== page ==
The latest research results for developers of perovskite photovoltaic cells have excited renewable energy experts. The cells contain perovskite compounds layered on electrodes, and 2021 could be the year that sees them enter commercial uses due to their high efficiency and flexibility of application.

Higher Light Conversion Than Silicon

Silicon has been at the heart of photovoltaics for years. Silicon solar cells have thus far achieved a 26.7 percent rate of light to energy conversion. Tests of the upcoming perovskite cells made by Oxford PV showed that they produced a 29.52 percent conversion rate. Oxford PV plans to install commercial modules this year that will perform with at least 27 percent efficiency.

Final installation and layout of Uni-Solar Ovonic’s thin Film Flexible Solar PV panels. Credit: Fieldsken Ken Fields

Another research group has made perovskite cells that enhance electron injection with cesium-titanium nanotubes. The cesium improves the transport of electrons, which increases power conversion. The researchers said that the cesium application process was a relatively low-cost method for achieving superior cell performance.

Thin Structure Enables More Applications

The layers in a perovskite cell can be as thin as 10 to 50 nanometers. The cells make electricity by harvesting electrons between the layers. The electron transport is very efficient and results in minimal loss.

The photograph presents the lead halide perovskite domains made by fluorescence microscopy. Credit: Furasova

The ultra-thin structure opens the door to adding solar energy collection capabilities to more objects and buildings. Producing the perovskite cells will cost less than the manufacture of silicon cells. They can be printed onto a flexible plastic base. In the near future, perovskite solar cells could cover the top of vehicles, walls, and bridges.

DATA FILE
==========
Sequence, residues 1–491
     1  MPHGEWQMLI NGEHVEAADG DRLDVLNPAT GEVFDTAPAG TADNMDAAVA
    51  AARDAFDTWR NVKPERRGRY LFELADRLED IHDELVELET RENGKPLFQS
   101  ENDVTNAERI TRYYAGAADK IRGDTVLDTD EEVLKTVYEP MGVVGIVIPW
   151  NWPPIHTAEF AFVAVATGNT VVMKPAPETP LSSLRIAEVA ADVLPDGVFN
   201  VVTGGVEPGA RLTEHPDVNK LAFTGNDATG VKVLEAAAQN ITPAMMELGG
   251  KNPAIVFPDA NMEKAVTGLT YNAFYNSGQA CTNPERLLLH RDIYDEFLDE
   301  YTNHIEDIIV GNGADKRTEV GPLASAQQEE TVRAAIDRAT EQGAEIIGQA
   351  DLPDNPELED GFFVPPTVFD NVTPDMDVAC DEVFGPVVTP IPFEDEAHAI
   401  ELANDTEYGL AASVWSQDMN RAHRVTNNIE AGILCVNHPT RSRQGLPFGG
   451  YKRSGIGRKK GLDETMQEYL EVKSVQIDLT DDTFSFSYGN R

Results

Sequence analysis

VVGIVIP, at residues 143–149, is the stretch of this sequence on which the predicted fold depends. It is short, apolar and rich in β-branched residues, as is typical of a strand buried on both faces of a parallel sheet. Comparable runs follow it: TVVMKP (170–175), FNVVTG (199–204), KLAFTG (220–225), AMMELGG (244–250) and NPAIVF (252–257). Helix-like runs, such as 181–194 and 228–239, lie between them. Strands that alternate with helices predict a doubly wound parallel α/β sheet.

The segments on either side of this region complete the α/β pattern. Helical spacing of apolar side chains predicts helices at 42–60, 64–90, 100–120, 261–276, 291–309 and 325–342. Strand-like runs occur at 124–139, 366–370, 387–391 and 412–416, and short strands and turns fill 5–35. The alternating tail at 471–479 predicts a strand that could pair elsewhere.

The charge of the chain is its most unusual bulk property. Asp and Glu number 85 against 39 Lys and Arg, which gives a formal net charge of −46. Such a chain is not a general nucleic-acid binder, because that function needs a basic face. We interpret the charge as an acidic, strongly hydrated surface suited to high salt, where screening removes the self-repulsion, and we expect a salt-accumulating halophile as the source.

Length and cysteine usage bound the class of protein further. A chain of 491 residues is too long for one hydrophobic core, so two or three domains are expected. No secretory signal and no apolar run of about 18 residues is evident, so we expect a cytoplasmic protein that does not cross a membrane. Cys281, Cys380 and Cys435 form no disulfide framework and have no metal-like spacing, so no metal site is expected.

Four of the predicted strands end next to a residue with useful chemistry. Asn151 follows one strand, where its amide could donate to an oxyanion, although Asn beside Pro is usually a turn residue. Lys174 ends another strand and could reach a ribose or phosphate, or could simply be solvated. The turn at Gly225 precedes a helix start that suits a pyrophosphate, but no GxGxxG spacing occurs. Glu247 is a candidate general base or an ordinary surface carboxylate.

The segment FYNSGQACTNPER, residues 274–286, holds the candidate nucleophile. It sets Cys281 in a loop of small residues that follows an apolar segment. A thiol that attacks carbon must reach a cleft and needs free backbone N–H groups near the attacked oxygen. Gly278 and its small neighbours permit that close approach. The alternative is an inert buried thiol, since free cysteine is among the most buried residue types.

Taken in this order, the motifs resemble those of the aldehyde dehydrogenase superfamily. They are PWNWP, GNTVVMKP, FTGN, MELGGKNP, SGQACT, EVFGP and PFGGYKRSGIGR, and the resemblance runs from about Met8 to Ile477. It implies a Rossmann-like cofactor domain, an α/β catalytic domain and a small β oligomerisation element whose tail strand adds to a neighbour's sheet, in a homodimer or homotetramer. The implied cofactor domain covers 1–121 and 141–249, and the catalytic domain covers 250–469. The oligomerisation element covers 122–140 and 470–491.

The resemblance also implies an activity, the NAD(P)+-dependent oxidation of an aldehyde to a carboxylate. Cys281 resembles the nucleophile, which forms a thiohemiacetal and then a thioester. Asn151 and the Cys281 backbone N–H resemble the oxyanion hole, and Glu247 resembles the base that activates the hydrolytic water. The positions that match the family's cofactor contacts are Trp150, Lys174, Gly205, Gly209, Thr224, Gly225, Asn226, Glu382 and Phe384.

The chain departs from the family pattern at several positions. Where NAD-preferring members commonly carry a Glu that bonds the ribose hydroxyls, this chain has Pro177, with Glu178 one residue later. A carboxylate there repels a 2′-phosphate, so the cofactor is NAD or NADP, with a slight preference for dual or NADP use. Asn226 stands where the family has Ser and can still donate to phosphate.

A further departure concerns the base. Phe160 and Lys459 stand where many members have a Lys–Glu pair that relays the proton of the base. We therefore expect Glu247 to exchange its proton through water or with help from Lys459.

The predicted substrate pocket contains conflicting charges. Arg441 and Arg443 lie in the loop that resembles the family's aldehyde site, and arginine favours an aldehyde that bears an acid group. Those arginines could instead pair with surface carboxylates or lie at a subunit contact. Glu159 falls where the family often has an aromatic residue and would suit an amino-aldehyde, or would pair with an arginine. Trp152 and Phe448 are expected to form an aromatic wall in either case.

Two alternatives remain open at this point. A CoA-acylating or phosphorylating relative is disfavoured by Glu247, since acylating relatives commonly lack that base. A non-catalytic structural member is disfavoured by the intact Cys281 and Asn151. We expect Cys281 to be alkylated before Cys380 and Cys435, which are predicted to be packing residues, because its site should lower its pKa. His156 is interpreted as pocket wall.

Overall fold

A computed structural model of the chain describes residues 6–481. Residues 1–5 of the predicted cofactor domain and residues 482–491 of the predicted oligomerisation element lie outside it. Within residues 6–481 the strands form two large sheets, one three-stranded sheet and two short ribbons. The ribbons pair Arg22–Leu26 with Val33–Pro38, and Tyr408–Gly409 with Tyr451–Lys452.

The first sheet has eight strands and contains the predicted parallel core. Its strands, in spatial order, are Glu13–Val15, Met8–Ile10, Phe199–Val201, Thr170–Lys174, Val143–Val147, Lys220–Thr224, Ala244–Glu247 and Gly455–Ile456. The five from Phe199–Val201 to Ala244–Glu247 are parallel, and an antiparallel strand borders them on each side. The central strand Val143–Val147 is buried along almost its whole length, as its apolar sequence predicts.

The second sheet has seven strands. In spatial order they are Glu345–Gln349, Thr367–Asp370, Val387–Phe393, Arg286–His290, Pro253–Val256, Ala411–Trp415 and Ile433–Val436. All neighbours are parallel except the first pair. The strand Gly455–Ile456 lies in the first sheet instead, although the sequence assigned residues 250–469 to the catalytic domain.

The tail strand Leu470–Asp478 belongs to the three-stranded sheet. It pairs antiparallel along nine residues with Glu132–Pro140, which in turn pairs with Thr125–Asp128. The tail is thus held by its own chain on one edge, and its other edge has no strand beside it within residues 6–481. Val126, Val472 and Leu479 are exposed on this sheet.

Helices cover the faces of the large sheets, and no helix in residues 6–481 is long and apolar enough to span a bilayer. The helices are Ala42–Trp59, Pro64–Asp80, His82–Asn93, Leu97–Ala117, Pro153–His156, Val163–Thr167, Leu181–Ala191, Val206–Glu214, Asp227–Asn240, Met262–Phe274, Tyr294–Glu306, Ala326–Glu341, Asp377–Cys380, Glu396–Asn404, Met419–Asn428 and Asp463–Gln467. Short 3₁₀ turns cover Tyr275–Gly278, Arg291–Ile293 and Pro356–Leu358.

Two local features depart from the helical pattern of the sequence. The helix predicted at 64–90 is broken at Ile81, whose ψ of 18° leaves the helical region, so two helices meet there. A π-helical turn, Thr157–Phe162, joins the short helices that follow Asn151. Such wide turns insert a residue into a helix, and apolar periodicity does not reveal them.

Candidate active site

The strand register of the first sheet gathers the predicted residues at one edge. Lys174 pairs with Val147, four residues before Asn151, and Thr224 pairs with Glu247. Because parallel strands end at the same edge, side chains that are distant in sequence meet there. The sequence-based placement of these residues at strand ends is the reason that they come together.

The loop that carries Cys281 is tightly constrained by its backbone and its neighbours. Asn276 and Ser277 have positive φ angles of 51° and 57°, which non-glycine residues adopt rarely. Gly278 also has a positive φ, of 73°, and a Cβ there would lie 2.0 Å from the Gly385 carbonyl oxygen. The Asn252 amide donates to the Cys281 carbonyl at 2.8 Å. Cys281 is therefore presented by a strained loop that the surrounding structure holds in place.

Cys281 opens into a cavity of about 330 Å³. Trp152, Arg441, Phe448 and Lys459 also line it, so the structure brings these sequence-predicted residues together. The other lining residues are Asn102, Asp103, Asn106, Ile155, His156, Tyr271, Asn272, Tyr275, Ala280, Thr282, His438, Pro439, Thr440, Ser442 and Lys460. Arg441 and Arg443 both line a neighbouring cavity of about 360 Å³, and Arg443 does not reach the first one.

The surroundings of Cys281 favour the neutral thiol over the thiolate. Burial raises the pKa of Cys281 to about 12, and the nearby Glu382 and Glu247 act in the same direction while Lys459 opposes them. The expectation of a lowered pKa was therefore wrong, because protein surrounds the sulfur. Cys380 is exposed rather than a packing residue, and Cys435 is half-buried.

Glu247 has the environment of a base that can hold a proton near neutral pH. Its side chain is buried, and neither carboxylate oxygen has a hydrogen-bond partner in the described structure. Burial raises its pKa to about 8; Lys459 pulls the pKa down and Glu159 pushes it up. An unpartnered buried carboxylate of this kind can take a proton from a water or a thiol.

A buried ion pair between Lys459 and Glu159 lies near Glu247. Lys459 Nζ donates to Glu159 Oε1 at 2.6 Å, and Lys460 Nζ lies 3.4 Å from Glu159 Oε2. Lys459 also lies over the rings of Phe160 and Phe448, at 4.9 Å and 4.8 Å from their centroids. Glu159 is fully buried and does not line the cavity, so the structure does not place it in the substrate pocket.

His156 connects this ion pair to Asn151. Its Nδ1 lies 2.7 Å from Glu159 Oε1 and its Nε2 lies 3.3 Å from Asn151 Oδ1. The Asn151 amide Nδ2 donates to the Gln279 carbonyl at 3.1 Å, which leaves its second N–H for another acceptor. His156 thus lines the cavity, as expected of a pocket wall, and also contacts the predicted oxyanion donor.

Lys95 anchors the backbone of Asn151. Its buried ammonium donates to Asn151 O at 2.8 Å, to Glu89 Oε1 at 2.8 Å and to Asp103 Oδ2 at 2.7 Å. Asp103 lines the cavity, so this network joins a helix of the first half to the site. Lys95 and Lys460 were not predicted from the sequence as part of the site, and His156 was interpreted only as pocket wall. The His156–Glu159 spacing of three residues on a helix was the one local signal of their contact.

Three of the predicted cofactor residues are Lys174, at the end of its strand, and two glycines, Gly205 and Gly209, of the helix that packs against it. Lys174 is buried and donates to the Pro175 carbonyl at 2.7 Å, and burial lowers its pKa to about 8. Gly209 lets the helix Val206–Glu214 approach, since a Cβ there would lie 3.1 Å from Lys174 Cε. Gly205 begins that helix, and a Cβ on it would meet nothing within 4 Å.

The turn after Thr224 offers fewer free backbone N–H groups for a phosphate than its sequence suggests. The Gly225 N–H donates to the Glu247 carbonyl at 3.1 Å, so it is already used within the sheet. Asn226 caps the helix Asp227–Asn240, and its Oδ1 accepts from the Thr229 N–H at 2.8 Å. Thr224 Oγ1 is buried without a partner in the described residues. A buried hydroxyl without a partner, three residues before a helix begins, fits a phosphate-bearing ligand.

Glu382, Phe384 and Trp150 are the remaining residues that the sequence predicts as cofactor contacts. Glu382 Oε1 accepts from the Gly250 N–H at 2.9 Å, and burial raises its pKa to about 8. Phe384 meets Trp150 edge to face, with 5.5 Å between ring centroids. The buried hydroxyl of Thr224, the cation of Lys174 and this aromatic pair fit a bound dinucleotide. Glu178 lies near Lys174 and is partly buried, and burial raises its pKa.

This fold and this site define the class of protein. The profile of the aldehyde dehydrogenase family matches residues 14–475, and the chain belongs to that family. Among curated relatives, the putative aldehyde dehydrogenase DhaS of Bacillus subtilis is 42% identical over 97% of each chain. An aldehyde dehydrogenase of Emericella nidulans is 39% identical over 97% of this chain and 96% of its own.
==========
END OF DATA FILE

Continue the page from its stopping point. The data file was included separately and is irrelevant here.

What role do you think solar power will play in controlling future energy costs for manufacturing plants?


Oxford PVTM™ – The Perovskite Company™ is the pioneer and technology leader in the field of perovskite solar cells.

The company was established in 2010, as a spin-out from the University of Oxford. Today, we have the largest team globally, exclusively focused on developing and commercializing a perovskite-based solar technology. We have a research and development site in Oxford, UK and an industrial site near Berlin, Germany. We are building the world’s first volume manufacturing line for perovskite-on-silicon tandem solar cells.

Solar panels built with Oxford PV’s perovskite solar cell technology will generate more power, critical for delivering more affordable clean energy, accelerating the adoption rate of solar and addressing climate change.

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